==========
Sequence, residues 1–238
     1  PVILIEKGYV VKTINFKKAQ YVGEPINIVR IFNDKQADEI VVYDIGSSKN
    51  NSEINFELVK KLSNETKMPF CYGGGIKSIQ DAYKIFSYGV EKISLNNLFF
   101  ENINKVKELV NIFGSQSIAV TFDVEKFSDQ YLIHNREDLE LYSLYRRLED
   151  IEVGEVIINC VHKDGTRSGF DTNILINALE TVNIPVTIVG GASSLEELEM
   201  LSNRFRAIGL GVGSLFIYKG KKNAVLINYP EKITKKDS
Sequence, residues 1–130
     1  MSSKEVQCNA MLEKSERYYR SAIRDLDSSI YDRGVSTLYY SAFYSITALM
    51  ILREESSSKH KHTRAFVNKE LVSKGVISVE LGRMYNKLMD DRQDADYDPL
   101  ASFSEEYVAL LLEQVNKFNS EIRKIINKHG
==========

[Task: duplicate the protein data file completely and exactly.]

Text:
Sequence, residues 1–238
     1  PVILIEKGYV VKTINFKKAQ YVGEPINIVR IFNDKQADEI VVYDIGSSKN
    51  NSEINFELVK KLSNETKMPF CYGGGIKSIQ DAYKIFSYGV EKISLNNLFF
   101  ENINKVKELV NIFGSQSIAV TFDVEKFSDQ YLIHNREDLE LYSLYRRLED
   151  IEVGEVIINC VHKDGTRSGF DTNILINALE TVNIPVTIVG GASSLEELEM
   201  LSNRFRAIGL GVGSLFIYKG KKNAVLINYP EKITKKDS
Sequence, residues 1–130
     1  MSSKEVQCNA MLEKSERYYR SAIRDLDSSI YDRGVSTLYY SAFYSITALM
    51  ILREESSSKH KHTRAFVNKE LVSKGVISVE LGRMYNKLMD DRQDADYDPL
   101  ASFSEEYVAL LLEQVNKFNS EIRKIINKHG